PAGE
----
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Philadelphia Voters To Decide On Important Ballot Questions In Tuesday’s Primary

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Voting booths (Photo by Jessica Kourkounis/Getty Images)

Voting booths (Photo by Jessica Kourkounis/Getty Images)

Mike Dunn Mike Dunn
Mike Dunn is City Hall bureau chief for KYW Newsradio 1060. He covers...
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By Mike Dunn

PHILADELPHIA (CBS) —  Philadelphia voters are facing some major ballot questions in tomorrow’s primary, including one that affects future city elections.

The most controversial of the questions being put to city voters involves changing the charter’s “resign to run” provision.

Right now local elected officials have to step down before seeking a different office.

If the change is approved, they would not have to resign until elected to the new post, though they could only seek one office at a time; no running for Mayor and for re-election to Council at the same time.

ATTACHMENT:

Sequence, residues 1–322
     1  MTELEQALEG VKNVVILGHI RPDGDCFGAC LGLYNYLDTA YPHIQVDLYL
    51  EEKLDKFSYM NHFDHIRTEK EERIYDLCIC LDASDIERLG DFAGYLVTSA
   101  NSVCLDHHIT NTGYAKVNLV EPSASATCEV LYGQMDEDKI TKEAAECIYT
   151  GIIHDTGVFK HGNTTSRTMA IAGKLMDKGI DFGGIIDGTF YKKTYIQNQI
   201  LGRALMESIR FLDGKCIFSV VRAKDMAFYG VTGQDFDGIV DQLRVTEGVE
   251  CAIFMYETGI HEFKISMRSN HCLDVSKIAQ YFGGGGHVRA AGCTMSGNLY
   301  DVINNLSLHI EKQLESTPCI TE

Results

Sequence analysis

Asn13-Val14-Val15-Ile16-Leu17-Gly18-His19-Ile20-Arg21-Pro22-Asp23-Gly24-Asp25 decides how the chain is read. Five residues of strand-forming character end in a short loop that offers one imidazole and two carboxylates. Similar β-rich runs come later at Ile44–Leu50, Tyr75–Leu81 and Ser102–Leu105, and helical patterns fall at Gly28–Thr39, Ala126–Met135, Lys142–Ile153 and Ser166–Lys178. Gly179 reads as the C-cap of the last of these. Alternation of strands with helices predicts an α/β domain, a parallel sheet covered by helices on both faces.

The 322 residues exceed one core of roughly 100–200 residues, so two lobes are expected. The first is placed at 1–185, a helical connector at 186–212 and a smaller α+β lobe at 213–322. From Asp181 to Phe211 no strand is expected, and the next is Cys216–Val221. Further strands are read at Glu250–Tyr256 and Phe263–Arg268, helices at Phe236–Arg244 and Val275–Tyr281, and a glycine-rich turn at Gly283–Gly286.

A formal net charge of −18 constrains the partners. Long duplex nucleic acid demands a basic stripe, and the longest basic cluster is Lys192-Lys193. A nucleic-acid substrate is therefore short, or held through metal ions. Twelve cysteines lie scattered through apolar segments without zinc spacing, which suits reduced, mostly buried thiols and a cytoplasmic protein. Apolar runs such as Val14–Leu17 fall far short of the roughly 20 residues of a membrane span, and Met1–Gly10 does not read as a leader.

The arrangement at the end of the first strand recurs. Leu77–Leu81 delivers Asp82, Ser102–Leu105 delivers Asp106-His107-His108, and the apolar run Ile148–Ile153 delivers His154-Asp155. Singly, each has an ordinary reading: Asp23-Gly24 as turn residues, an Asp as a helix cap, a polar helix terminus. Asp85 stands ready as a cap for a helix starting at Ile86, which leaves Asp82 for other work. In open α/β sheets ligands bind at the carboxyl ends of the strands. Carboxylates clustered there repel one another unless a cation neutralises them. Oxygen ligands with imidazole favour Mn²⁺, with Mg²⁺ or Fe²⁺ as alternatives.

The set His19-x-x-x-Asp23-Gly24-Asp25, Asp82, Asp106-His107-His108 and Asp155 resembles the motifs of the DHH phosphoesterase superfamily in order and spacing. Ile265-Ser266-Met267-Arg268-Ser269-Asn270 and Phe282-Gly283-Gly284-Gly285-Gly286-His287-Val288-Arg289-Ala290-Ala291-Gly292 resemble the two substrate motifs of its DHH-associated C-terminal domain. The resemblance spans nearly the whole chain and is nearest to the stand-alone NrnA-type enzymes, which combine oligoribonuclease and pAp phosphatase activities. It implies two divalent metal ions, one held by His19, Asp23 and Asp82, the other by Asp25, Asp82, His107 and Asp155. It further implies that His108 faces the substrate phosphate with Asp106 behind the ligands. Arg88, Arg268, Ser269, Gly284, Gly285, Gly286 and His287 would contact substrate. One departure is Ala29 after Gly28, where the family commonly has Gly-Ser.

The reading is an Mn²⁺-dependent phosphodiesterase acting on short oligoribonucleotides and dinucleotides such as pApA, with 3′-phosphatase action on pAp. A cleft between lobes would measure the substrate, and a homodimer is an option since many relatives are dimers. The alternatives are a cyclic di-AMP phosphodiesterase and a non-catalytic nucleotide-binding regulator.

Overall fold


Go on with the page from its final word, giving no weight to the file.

The sponsor, Republican at-large Councilman David Oh, says the current rule hurts the city because it exists nowhere else in the Commonwealth:

“That limitation only applies to Philadelphia city elected officials. None of the other 2,500 cities and towns in Pennsylvania have this restriction. As a result, they have their full team of local, state and federal officials advocating for them.”

Another question on the ballot involves the mayor’s effort to choose a law firm to exclusively handle criminal cases that the Public Defender’s Office cannot touch because of conflicts of representation.

The Administration plans to award a one-year contract.

Some council members believe that duration was chosen because one-year deals do not require Council approval.

This ballot referendum asks voters to allow Council to oversee one-year deals, but only for contracts on this particular matter.

The sponsor, Republican at-large councilman Denny O’Brien, says it does not necessarily stop the deal from going forward:

“This charter amendment will not prohibit the administration from entering into a contract. It will just require a public forum, to be able to review the contract and get answers before any contract is signed.”

The Nutter Administration says that hiring a single firm for conflict counsel will mean more extensive help for defendants.

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